ii. Set “Enter theoretical position” to 0
      iii. Click Save and Send new Zi




        If the X-ray beam has an odd shape, such that the Zi peak search does not properly
         identify the peak centroid, then see Appendix B (pg 28) for the refined procedure.
   d. Repeat the Detector Scan and make sure that the peak is centered around 0° 2Theta

4. Determine the Z position where the sample cuts the X-ray beam intensity in half
   a. Drive 2Theta to 0
   b. Start a Z scan
      i. Scantype= Z
      ii. Start= -1.0
      iii. Increment= 0.01
      iv. Stop= 1.0
      v. Scanspeed= 0.1 sec/step
   c. Optimize at the point on the chart where the X-ray intensity is ½ the maximum intensity
      i. If the intensity of the X-ray beam in the Z-scan does not go all the way to zero, then
           see Appendix C (pg 29) for details on how to deal this.

5. Make sure that the sample surface is parallel to the X-ray beam
   a. Start a Rocking Curve Scan
      i. Scantype= Rocking Curve
      ii. Start= -1
      iii. Increment= 0.01
      iv. Stop= 1
      v. Scanspeed= 0.1 sec/step
   b. Optimize on the center of the maximum

6. Iteratively improve the alignment of Z and Theta
   a. Repeat the Z and Rocking Curve scans until the optimal position for both does not
       change by more than ±1% between successive scans
   b. The Z Scans that you use should have parameters:
       i. Scantype= Z
       ii. Start= optimized Z position – 0.3
       iii. Increment= 0.005
       iv. Stop= optimized Z position + 0.3
       v. Scanspeed= 0.1 sec/step

                                                                                   Page 6 of 23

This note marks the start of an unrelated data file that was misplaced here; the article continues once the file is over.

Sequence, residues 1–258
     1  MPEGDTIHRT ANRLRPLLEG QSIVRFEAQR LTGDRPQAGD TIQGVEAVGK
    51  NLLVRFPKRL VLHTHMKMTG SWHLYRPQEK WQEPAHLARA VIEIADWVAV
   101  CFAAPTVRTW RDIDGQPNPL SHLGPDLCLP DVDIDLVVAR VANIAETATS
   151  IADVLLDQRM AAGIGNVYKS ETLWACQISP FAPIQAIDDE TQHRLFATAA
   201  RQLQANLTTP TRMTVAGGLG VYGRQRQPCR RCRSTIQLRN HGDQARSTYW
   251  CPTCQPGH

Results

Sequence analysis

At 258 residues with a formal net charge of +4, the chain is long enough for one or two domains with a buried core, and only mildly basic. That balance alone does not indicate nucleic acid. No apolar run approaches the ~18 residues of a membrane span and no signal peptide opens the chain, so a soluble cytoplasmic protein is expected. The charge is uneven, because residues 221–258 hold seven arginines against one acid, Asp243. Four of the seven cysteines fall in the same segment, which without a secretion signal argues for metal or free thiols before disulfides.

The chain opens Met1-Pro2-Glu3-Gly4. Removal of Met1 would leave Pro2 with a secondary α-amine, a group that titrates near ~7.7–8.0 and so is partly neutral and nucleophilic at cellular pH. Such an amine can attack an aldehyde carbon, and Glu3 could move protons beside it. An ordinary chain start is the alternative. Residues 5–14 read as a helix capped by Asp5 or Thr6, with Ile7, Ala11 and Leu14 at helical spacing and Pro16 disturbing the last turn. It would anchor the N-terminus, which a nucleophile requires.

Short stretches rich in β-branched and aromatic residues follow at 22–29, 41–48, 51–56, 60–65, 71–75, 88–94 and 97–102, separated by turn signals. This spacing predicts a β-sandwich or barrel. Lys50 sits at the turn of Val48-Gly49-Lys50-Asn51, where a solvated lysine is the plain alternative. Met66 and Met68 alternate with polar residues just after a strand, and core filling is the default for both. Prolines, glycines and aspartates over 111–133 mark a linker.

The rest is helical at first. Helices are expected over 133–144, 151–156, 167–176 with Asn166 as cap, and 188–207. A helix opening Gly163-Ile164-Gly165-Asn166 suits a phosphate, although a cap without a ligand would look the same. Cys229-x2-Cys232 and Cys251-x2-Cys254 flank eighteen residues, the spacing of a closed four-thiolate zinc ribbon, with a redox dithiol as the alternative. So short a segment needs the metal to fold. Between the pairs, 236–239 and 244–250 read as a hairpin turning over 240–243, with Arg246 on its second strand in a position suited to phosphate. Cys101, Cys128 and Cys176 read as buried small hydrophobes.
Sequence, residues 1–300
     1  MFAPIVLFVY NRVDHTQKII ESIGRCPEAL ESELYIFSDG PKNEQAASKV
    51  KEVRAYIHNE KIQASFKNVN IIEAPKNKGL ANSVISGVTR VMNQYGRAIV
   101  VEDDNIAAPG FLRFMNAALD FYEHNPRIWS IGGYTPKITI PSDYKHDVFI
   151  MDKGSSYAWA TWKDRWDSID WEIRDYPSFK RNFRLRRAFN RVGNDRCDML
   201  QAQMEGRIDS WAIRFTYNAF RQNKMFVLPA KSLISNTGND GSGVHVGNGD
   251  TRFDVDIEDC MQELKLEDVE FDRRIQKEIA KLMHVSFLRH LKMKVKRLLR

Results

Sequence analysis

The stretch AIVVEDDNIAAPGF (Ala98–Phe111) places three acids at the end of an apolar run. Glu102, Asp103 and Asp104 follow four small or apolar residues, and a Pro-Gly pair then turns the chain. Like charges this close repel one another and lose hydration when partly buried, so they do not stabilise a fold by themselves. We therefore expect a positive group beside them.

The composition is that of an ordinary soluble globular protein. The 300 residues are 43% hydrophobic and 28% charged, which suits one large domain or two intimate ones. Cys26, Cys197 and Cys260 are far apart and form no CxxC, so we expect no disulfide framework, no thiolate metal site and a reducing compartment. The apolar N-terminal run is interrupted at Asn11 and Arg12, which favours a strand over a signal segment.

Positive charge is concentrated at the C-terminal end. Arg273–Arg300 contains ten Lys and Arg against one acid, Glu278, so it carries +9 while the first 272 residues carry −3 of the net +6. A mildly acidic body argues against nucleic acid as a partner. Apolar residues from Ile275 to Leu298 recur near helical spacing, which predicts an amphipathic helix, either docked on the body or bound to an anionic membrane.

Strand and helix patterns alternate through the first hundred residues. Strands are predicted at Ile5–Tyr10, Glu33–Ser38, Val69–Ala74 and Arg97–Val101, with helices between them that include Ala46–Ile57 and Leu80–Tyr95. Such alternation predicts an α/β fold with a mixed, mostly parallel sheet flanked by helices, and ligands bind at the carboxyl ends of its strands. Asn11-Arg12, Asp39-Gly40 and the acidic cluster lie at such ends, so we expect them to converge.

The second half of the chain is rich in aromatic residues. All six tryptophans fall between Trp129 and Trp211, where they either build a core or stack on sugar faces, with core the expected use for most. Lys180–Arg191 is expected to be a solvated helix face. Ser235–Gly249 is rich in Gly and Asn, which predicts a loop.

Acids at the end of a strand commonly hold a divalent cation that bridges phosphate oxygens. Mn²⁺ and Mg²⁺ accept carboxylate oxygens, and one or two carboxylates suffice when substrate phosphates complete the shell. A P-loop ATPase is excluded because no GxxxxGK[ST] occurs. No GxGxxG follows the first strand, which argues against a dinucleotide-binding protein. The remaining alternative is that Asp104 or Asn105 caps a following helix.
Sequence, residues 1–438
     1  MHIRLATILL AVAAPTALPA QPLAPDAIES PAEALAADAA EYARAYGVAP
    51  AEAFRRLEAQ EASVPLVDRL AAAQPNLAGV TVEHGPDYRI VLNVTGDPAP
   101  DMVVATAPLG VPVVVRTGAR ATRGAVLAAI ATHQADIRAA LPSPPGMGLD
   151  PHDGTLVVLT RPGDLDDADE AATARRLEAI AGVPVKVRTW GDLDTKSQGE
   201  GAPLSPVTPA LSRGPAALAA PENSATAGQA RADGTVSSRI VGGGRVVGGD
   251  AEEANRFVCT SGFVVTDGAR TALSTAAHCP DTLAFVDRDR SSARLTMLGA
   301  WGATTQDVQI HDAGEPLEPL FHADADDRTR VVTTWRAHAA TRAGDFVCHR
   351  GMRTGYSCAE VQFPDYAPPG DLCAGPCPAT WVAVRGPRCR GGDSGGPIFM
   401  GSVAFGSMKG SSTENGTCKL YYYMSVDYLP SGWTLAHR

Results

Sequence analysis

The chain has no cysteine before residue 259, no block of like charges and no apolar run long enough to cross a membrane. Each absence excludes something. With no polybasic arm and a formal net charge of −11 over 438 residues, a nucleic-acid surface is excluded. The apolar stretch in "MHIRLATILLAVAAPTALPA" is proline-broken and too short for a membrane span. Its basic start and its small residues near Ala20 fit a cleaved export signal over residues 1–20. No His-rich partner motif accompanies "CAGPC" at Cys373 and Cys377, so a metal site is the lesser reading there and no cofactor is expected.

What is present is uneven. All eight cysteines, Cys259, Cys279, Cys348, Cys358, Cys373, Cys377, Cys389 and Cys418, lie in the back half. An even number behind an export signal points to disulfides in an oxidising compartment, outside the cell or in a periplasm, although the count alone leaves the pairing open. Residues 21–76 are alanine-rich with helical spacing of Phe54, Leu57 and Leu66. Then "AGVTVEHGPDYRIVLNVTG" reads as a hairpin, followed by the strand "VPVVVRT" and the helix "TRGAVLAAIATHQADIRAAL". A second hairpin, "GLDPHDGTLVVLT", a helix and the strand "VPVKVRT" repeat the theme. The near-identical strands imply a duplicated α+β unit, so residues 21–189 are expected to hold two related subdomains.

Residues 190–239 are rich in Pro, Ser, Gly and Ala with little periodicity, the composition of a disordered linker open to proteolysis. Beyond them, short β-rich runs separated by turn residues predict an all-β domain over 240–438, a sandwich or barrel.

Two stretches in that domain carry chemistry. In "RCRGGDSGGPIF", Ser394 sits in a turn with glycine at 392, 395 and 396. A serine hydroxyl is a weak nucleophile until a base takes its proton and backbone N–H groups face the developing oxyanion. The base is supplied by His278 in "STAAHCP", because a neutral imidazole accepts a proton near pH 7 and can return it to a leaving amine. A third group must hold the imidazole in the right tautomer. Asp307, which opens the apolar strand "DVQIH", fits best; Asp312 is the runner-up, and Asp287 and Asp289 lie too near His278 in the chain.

c. The Rocking Curve scans that you use should have parameters:
       i. Scantype= Rocking Curve
       ii. Start= optimized Theta position – 0.5
       iii. Increment= 0.005
       iv. Stop= optimized Theta position + 0.5
       v. Scanspeed= 0.1 sec/step

7. When you have determined the optimal aligned Z value
   a. Drive Z to the optimized value
   b. Uncheck the box next to Z so that Z will not be changed again
   c. This optimal Z value will not change for any of the scans of your sample

8. You might want to record the optimized value of Theta as Tilt(sample)
   a. Tilt(sample) indicates the Theta value when the physical surface of the sample is parallel
      to the X-ray beam
   b. If the tilt of the substrate peak (determined later) is significantly different than
      tilt(sample), this would indicate a miscut in the substrate
   c. Assuming that your sample is not miscut, we can use the tilt(sample) to save time when
      aligning on the Bragg peak of the substrate.


VII. ALIGN THE SYMMETRIC SUBSTRATE PEAK
   We want to align on the symmetric Bragg peak of the substrate.
   Measurements of your film are made relative to the substrate peak.

   In these alignment procedures, the most important thing is to align the sample so that it
    produces the most intense and sharpest rocking curve from the substrate peak.
    o If you are not sure what the optimal value is for a position, such as the Chi tilt, then